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Steel Frame Vs Timber Frame: What's best?

The steel industry has recently been revolutionising with the introduction of new building materials. The modern steel industry which we know today began in the late 1850’s and is now a staple in the worlds industrial economy.

The industry has seen improvements in health and safety, mental health awareness, off-site manufacture of prefab buildings, big improvements in apprenticeships and training and now we are beginning to see the hard work that designers have been putting into timber structures.

The industry was once dominated with steel fabrication and concrete construction, now we are seeing an introduction of timber frames and construction, or at least hybrid designs of the two.

We are weighing up the pros and cons of the two materials to see how they measure up and what has longevity for the future in construction.

Environmental stability

2022 is the year of sustainability. The idea of becoming more eco-friendly has now been introduced into every sector. However, for the steel industry, this comes down to our construction material.

Both timber and steel have their draw backs and advantages.

Timber means increased deforestation, plain and simple. The logs need to come from somewhere. This is not an issue with steel. However, when we flip the argument, when the demand for timber increases as does the number of forests to supply the timber.

The more forests, the more CO2 and the more importance of ethical farming...

Steel is thought to produce less waste as it produced precisely with man-made materials. However, due to wood being naturals, some imperfections may mean the wood needs to be scrapped.

The production of steel is intensive and can cause a large carbon footprint which is not the same as timber. On the other hand, steel is completely reusable and can be melted down and built backup.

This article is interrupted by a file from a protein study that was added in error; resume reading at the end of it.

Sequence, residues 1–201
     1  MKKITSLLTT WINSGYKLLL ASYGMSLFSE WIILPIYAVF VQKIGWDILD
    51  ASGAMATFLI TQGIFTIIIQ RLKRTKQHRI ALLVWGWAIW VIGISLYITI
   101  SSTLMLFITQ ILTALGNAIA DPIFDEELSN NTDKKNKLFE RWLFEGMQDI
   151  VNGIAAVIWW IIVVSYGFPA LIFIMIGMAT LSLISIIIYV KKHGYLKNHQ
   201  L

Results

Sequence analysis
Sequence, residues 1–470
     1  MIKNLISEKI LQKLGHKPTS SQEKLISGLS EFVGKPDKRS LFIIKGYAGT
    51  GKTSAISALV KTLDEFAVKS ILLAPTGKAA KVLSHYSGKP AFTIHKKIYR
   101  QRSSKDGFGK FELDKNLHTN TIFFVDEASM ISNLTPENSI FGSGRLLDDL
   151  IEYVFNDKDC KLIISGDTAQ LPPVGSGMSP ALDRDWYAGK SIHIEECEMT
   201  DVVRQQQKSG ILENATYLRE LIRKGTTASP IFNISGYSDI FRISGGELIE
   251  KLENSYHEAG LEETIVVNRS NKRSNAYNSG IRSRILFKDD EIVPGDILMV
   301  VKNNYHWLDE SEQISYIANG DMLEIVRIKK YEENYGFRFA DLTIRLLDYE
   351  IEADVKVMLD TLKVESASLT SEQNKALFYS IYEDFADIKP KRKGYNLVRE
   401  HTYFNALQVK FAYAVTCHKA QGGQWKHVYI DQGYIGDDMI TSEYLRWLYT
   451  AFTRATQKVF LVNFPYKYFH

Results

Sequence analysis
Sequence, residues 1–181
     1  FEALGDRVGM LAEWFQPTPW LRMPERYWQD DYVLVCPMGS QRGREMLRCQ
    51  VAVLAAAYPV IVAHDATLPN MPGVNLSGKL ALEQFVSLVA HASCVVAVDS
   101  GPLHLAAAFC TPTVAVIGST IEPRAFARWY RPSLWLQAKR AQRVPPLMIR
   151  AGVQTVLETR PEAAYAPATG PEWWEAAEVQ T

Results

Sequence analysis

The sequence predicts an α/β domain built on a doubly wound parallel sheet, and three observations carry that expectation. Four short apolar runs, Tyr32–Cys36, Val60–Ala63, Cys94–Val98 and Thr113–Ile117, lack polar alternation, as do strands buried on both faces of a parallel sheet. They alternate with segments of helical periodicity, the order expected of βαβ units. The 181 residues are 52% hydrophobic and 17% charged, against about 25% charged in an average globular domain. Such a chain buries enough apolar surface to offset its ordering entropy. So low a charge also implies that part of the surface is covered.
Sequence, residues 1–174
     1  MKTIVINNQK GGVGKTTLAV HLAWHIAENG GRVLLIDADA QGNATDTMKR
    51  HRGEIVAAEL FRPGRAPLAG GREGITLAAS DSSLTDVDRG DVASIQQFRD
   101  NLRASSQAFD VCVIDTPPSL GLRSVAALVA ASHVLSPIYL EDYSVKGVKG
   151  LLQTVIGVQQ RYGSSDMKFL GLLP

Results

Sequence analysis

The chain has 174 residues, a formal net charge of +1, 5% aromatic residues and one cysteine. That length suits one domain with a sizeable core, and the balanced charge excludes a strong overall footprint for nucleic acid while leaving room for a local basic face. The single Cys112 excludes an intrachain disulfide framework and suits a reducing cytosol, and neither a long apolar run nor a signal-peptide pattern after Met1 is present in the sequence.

Steel is strong, everyone knows this. There is no risk of hidden imperfections which may damage the strength of the steel.

However, certain environmental factors such as a frame being near the coast can cause the steel to rust quickly which can affecting the strength of the structure.

Timber is surprisingly strong and if protected from anything thing that may eat the wood, Timber can last for years due to longevity within the material, if the construction is good.


The actual speed of construction is relatively similar with parts to make the completed structure.

But to get the parts?

Steel structures require a fabricator, to weld and fit the materials together. But many DIY the timber themselves for little projects.

For us, we have seen very little difference in the speed of construction for these two materials.


It is difficult to put the two side by side, many factors can affect the cost of a completed structure. Depending on each the cost of each stage, both timber and steel builds can vary in price.

However, the rule of thumb is that timber is more affordable.


Steel can be bent, shaped, fabricated to be any shape needed and maintain this shape which is great for futureproofing.

Timber is also surprisingly versatile. It’s physical and technical properties make it ductile, if it has been reinforced.

But for the versatility argument, timber wins without a doubt.

Both materials have what it takes to be long lasting, it depends on the building and the overall look which will ultimately decide the material.

We love to watch the advancements in our industry, let’s see what's next.

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